In Lord of the Flies, what effect does Golding's choice of language have on the reader when he is describing the hunt in chapter eight?

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Lori Steinbach | High School Teacher | (Level 3) Distinguished Educator

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Lord of the Flies, by William Golding, is a symbolic novel; its characters are all English schoolboys who have been stranded on a tropical island. In the beginning of the novel, they are proper English schoolboys who hold meetings and follow some kind of order. Very quickly, however, they begin to lose their civility; by the end of the novel, Golding refers to them only as "savages." 

In chapter eight, Jack (the eventual chief of the savages) and his hunters want to kill a pig so the tribe will have meat. Most of the other hunts in the novel are simply referenced, but Golding chooses to describe this one in great detail. Clearly the language (both literal and figurative) he chooses to use is similar to how one might describe a woman being raped.

Here, struck down by the heat, the sow fell and the hunters hurled themselves at her. This dreadful eruption from an unknown world made her frantic; she squealed and bucked and the air was full of sweat and noise and blood and terror. Roger ran round the heap, prodding with his spear whenever pigflesh appeared. Jack was on top of the sow, stabbing downward with his knife. Roger found a lodgment for his point and began to push till he was leaning with his whole weight. The spear moved forward inch by inch and the terrified squealing became a highpitched scream. Then Jack found the throat and the hot blood spouted over his hands. The sow collapsed under them and they were heavy and fulfilled upon her.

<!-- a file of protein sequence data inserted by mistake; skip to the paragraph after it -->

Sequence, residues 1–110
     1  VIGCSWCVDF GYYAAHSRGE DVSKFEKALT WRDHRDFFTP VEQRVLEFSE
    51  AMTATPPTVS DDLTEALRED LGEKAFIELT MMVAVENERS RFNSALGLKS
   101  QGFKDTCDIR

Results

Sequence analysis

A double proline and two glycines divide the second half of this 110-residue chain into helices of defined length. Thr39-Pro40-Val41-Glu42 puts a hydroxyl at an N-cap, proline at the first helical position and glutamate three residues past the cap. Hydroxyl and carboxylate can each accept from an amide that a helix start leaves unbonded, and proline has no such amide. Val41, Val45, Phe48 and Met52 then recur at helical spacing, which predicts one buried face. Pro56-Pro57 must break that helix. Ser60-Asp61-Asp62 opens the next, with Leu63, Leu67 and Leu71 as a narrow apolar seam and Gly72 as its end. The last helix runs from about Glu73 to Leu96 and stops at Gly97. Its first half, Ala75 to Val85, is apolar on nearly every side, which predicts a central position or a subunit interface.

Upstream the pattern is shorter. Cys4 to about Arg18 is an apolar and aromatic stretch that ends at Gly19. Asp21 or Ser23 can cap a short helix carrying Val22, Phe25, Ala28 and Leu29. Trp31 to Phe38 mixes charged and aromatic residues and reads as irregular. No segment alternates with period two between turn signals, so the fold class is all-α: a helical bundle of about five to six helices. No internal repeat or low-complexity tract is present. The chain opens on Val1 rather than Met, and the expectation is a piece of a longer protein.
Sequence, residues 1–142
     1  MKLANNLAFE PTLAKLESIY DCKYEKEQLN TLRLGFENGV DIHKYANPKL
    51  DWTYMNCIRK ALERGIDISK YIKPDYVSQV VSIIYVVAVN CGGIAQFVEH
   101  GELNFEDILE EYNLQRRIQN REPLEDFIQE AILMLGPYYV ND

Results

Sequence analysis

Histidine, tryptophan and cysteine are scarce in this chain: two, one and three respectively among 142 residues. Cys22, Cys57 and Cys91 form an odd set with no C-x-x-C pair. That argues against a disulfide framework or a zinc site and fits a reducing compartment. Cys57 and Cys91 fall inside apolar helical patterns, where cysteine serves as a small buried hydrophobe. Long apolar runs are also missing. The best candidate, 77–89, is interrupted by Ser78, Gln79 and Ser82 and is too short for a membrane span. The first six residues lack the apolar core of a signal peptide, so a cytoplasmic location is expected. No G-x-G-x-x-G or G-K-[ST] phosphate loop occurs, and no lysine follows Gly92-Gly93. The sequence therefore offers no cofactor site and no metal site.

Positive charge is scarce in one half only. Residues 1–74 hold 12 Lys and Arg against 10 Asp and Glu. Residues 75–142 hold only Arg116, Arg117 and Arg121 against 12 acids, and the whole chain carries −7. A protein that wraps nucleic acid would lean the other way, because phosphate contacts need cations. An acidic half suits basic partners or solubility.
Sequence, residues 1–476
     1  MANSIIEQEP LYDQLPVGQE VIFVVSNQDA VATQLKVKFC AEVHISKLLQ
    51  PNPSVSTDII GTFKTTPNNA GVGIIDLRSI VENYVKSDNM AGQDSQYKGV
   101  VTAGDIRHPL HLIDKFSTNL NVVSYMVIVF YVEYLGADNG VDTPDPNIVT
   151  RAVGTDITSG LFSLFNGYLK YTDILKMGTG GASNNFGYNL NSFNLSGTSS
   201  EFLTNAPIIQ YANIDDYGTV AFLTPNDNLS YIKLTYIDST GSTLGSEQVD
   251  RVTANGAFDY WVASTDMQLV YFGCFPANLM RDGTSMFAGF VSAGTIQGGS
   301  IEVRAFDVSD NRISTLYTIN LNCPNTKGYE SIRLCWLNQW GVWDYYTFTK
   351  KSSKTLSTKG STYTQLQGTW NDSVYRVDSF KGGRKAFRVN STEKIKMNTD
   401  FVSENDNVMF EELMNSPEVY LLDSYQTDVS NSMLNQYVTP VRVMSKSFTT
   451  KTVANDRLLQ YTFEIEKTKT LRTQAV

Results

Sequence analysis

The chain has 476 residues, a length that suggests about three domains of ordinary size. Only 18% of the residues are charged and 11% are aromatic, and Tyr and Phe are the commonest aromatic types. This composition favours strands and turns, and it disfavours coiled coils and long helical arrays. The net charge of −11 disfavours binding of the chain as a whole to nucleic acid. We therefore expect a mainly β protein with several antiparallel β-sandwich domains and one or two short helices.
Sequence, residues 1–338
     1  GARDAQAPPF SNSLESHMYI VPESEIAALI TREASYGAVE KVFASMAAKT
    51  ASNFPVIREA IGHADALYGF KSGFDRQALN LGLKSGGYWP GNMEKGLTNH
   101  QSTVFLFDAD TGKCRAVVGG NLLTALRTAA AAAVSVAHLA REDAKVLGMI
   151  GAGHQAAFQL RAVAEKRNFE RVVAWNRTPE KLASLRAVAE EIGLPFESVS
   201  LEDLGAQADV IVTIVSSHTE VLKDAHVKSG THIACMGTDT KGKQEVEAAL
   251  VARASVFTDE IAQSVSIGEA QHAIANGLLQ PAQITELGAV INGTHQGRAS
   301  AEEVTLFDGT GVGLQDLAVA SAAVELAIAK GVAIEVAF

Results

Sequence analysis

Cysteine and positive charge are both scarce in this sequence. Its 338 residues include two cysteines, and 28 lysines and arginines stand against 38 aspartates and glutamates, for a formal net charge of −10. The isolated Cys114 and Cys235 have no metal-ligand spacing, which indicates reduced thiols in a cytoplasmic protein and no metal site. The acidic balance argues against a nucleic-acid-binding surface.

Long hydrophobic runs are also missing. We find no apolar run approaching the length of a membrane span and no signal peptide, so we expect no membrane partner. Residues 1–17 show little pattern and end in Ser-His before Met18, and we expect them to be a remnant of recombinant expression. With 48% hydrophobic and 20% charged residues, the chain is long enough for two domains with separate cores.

This is just one more example of the boys' depravity on this island without any rules or authority. This scene and the language he uses prove Golding's point that living without societal constraints eventually leads to deviant and evil behavior, even in children.

It is the last line of the same paragraph which reminds us that this behavior is ugly and unnatural. Golding writes: "The butterflies still danced, preoccupied in the center of the clearing." Nature has not changed, but the evil nature of man has been revealed through these boys and this hunt. A few chapters later, the boys will commit several murders and nearly destroy themselves and the island in a conflagration--which, ironically, gets them rescued.

The effect of Golding's language on the reader is to create a sense of horror at the depravity of these once-proper schoolboys, and the butterfly is a reminder that what they are doing is not natural.


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